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PORT CLINTON -- Saying Timothy Johnson still viewed himself as a victim, visiting Judge Paul Moon on Monday sentenced the former volunteer firefighter to nine months in jail -- the maximum term -- for his role in a fatal car crash.
“There’s been much said about your concern for public service and safety, but you turned those two concepts on their ear the night of July 16, 2010,” Judge Moon said in Ottawa County Common Pleas Court.
Mr. Johnson, 43, of rural Oak Harbor, was driving at a high rate of speed on State Rt. 19 on his way to the fire station in Oak Harbor when he crashed into the rear of a car driven by Olivia Duty, now 22, of Woodville, at the intersection of Portage River South Road. Ms. Duty was seriously injured; her passenger and boyfriend, Ian Huffman, 24, of Elmore, was killed.
Mr. Johnson, a volunteer firefighter with the Portage Fire District, was responding to a call for a ladder truck requested by neighboring Clay Center when the crash occurred. His attorney, Dean Henry, told the court no one knows for sure how fast Mr. Johnson was going, but that his client’s “motive for going fast -- some would say too fast -- was pure,” that he was on his way to help others.
Judge Moon dismissed that notion.
“The defendant was going 96 to 98 mph heading into an incorporated village. No public safety vehicle is ever reasonably permitted to drive at that speed,” the judge said. “What’s in the balance here? You’ve got the Graytown bowling alley [burning] and we’re trying to balance that with the lives of these two young people. Where’s the balance? It just simply doesn’t exist.”
A tearful Mr. Johnson told the court he was not the cowboy he had been made out to be.
“July 16, 2010 was a horrible night. I relive it everyday,” he said. “It goes through my mind. My heart aches that Ian lost his life, and I know that I did everything I could to steer way.”
He said he was sorry Mr. Huffman died, but stopped short of apologizing for causing the crash.
The victim’s father, John Huffman, said he was prepared to ask the judge to give Mr. Johnson probation, but it bothered him that Mr. Johnson did not apologize to Ms. Duty and her parents, who were in the courtroom, and that he did not accept responsibility for his actions.
“Ninety-eight mph going through the most dangerous intersection in Ottawa County,” Mr. Huffman said. “There was a firefighter who testified that he wouldn’t do 30 mph through that intersection. This guy wasn’t even wearing a seatbelt.”
Mr. Johnson’s speed was a key issue when he went to trial last year on felony charges of aggravated vehicular homicide and aggravated vehicular assault -- a trial that ended in a mistrial after a special prosecutor, Ken Egbert, Jr., introduced testimony that hadn’t been disclosed to the defense beforehand.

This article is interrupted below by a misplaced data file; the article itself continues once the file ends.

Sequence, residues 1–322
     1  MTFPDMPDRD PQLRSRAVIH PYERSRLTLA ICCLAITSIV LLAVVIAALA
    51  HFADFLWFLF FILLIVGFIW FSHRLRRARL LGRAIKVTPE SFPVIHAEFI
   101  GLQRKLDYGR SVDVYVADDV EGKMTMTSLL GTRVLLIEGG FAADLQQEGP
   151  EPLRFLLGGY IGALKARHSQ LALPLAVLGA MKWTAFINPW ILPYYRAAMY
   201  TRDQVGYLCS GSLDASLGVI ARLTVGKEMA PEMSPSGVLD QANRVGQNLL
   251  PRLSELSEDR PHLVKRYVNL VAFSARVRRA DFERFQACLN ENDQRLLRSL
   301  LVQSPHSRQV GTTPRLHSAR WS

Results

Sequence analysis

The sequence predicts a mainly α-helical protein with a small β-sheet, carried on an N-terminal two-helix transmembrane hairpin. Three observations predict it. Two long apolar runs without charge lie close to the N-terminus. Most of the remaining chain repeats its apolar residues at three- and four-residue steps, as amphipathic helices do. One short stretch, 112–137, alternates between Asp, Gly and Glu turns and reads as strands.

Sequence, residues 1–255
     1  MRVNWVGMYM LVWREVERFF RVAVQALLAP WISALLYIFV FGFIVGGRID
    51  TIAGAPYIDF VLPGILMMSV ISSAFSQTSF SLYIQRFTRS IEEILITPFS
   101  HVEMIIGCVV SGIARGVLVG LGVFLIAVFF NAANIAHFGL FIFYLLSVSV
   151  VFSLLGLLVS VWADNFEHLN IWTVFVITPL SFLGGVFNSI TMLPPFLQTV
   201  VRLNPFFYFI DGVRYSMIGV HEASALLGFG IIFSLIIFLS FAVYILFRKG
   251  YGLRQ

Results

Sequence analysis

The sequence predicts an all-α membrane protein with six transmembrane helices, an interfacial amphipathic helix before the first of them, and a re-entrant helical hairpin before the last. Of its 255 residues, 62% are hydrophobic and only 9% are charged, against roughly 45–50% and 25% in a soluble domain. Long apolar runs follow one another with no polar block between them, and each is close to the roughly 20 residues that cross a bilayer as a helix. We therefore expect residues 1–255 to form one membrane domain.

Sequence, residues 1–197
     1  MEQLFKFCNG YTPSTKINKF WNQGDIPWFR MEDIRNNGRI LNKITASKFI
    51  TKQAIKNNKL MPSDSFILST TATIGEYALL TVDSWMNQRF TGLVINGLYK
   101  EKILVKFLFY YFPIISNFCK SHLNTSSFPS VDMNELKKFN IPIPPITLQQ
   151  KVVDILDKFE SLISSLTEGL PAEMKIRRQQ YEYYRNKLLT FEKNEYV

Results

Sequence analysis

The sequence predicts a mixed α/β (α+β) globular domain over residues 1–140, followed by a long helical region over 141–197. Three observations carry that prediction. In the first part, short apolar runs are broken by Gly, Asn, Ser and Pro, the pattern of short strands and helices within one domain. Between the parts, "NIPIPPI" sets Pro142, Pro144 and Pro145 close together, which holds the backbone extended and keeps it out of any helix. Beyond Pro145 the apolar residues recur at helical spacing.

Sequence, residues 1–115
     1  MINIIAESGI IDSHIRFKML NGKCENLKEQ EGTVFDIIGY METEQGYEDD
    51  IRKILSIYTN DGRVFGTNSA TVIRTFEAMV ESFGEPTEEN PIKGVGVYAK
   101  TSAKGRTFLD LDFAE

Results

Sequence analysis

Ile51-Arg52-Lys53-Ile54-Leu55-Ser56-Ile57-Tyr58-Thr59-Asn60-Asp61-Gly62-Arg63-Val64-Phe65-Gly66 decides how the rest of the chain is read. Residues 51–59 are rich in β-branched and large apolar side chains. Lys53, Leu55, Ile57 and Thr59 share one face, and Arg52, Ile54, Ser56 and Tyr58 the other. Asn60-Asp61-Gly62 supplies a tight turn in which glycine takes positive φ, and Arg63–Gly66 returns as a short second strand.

In July, when Mr. Johnson’s case was scheduled to go to trial a second time, he pleaded guilty to misdemeanor counts of negligent vehicular homicide and attempted negligent vehicular homicide. Mr. Henry said Mr. Johnson, a father of four with no prior criminal record, had agreed to give up being a volunteer firefighter, although he planned to remain on the fire brigade at Davis-Besse nuclear power station where he works.
Mr. Johnson, who had been free on bond since his indictment nearly two years ago, was handcuffed and taken to jail after his sentence was imposed. Mr. Henry asked that his sentence be postponed pending an appeal, but the judge refused.
Judge Moon also said he would leave it to the Ottawa County sheriff to recommend to him whether Mr. Johnson could be placed in a work release program that would allow him to continue working while serving his jail term. The judge also suspended his driver’s license for three years.
“If you are placed on work release by the sheriff and if you wish to apply for limited driving privileges for occupational purposes only, I want that application to tell me why other of your friends and family cannot reasonably drive you to and from work," Judge Moon told Mr. Johnson. "That is a necessary component of your application for driving privileges.”
Ms. Duty declined to comment after the sentencing. John Huffman said that if Mr. Johnson had apologized and accepted responsibility, the judge probably would have placed him on probation rather than sent him to jail.
He added that he and his family consented to the plea agreement because of the mistrial and because of a need to “start on that road to closure and avoid the hell of another trial.”
A wrongful death lawsuit filed by the Huffmans and Ms. Duty against Mr. Johnson and the Portage Fire District is pending in Ottawa County Common Pleas Court. A trial in that case is set for Jan. 21.
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